Property sell-offs becoming the saviour of struggling state-owned firms
Latest example is Xi’an-based Tianhe Defense, which is selling three properties in Beijing for an expected 26.3 million yuan.
Flats in Beijing have started looking more like automated teller machines for some listed companies, as another loss-making public firm announced plans to sell more property assets in an attempt to beautify its fractured balance sheet.
Tianhe Defense, a Xi’an-based air command and control systems product company, revealed on Tuesday night it was selling three properties in Beijing for an estimated total of 26.3 million yuan.
Listed on China’s Growth Enterprise Board in 2014, the state company is expecting to earn 10 million yuan from the sale after two years of losses.
It is hoping the proceeds could offset the 21.7 million losses incurred in the first half of 2016. The apartments being sold are valued at 45,000 yuan to 65,000 yuan per square metre.
This latest case, along with earlier similar sales in the Chinese capital, exemplify what has become the stark contrast between surging property prices and the struggling manufacturing and service sectors, and is being viewed by analysts as an anathema of the top leadership’s vow to boost the real economy and deflate asset bubbles.
“The surge in China’s property market this year is unparalleled,” said Ma Guangyuan, a renowned Chinese economist.
“The market has experienced an astonishing increase in leverage and demand, which have pushed up prices – but they do not accurately reflect genuine demand.
“The result is that return-chasing capital is fleeing the real economy given their lacklustre returns, which in turn is exacerbating conditions,” he added.
Last week, ST Ningtong B, a listed subsidiary of Nanjing Putian Telecommunication Co, a telecommunication equipment provider, said it too planned to sell two properties in Beijing, to save itself from the brink of being delisted. Both located near top schools, they were valued at 22.7 million yuan, a 16-fold increase over the original prices paid.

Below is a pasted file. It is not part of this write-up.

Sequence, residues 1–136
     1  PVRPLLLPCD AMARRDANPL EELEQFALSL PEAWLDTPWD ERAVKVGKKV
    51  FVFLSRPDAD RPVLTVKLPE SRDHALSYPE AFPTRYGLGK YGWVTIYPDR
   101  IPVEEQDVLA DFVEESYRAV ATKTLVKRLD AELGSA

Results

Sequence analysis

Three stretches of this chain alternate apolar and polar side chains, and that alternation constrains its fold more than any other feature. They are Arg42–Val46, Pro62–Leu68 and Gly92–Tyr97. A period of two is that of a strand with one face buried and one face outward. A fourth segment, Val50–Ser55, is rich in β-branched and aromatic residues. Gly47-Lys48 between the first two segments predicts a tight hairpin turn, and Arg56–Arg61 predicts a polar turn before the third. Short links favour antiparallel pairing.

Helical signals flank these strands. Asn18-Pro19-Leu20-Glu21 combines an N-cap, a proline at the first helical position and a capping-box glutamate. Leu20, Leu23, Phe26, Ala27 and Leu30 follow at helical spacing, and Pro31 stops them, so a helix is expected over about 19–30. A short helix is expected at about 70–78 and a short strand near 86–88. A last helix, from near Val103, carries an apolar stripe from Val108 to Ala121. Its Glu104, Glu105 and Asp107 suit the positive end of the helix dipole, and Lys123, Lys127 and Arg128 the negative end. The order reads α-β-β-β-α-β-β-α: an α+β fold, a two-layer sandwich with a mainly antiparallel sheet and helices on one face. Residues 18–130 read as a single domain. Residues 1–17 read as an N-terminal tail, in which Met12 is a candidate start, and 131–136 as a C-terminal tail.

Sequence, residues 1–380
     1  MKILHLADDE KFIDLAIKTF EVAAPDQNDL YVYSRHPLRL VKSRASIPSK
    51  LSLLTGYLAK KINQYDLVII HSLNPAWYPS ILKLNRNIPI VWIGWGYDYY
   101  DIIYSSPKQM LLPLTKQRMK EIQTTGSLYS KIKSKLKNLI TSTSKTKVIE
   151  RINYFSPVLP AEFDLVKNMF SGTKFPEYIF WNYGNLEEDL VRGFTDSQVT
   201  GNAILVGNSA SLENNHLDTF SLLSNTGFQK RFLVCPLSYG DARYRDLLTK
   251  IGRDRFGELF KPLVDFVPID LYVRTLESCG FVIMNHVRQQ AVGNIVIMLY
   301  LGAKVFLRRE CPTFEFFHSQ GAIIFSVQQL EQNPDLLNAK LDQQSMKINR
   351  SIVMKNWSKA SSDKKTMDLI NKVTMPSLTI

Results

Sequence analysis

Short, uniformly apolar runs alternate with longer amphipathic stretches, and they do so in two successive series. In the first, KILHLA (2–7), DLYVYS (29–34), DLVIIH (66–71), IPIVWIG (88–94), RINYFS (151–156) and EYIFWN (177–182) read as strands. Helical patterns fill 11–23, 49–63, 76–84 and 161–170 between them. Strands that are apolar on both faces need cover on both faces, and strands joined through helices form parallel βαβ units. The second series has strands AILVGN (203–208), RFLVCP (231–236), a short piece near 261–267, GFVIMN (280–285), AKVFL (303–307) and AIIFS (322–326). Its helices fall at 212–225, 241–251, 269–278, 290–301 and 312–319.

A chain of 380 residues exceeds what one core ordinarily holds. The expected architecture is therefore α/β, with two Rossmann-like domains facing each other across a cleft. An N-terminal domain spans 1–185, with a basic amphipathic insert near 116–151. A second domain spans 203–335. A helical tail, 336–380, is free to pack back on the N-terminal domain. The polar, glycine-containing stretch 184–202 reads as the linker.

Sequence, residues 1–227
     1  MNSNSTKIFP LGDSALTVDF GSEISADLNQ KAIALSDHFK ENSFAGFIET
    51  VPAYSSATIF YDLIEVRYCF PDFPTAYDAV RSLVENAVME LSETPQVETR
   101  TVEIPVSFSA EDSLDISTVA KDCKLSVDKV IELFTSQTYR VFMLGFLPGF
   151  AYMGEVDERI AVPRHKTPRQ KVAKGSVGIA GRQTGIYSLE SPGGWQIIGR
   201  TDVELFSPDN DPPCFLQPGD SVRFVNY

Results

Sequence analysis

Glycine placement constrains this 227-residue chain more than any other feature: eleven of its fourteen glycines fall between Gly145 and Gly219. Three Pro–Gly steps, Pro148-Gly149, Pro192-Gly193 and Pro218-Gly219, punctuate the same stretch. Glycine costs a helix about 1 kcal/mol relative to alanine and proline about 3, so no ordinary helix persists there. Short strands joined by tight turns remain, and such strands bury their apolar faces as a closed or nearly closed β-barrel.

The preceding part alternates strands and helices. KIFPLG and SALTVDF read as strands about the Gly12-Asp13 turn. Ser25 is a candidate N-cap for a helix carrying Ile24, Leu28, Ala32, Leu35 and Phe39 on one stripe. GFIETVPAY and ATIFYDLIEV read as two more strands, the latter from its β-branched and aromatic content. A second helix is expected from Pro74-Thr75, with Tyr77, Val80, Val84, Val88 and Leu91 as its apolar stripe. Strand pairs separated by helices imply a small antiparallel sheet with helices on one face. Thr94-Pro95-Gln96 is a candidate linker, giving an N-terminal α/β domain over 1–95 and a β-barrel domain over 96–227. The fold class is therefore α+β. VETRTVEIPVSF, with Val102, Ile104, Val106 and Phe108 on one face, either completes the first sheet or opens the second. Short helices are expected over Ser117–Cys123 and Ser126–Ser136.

The company reported 21.1 million losses in the first-half following consecutive annual losses in 2014 and 2015. According to China’s securities market rules, a company reporting three consecutive years of losses should delist.
Even Lenovo, the world’s largest personal computer manufacturer, has resorted to property sell-offs to improve its earnings report.
The company, which said on Tuesday it was implementing another round of layoffs as it struggles to revive its flagging smartphone business, doubled its operating profit of US$245 million for the quarter ended June 30.
But executives attributed 49 per cent of that, or US$120 million, to property sales.
Lenovo’s owner Legend Holdings earlier this month sold its 41 property projects in 16 cities to Sunac China Holdings, for $2.1 billion.
According to the latest quarterly survey of more than 3,100 firms by China Beige Book International, the country’s economic rebalancing to consumer-led growth is now reversing, with its “old economy” replacing the “new economy” as the main engine of the economy.
Manufacturing, property and commodities strengthened while retail, services and transportation – crucial parts of the “new economy” – all saw weaker results in the third quarter, the private survey shows.
The New York-based research group collects anecdotal accounts, just as those in its Federal Reserve Beige Book.
“Deteriorating corporate finances and a rebalancing reversal seem a high price to pay for a quarter’s worth of stability,” CBB president Leland Miller and chief economist Derek Scissors concluded in their study on China.
Analysts have generally been blaming the central government’s easy-credit policy, local governments’ shortage of land supply, and poor returns in non-property sectors, as the main drivers for the latest rally in the country’s property market.
In Beijing for example, no single plot of residential-use land was sold from June to August.
Sun Huimin, an executive with a Hefei-based property consultancy, said: “It’s ironic that China’s ‘de-stocking’ initiative was designed to cut excessive inventories in third and fourth-tier cites, but it has ended up heating up markets in first and second-tier cities instead.”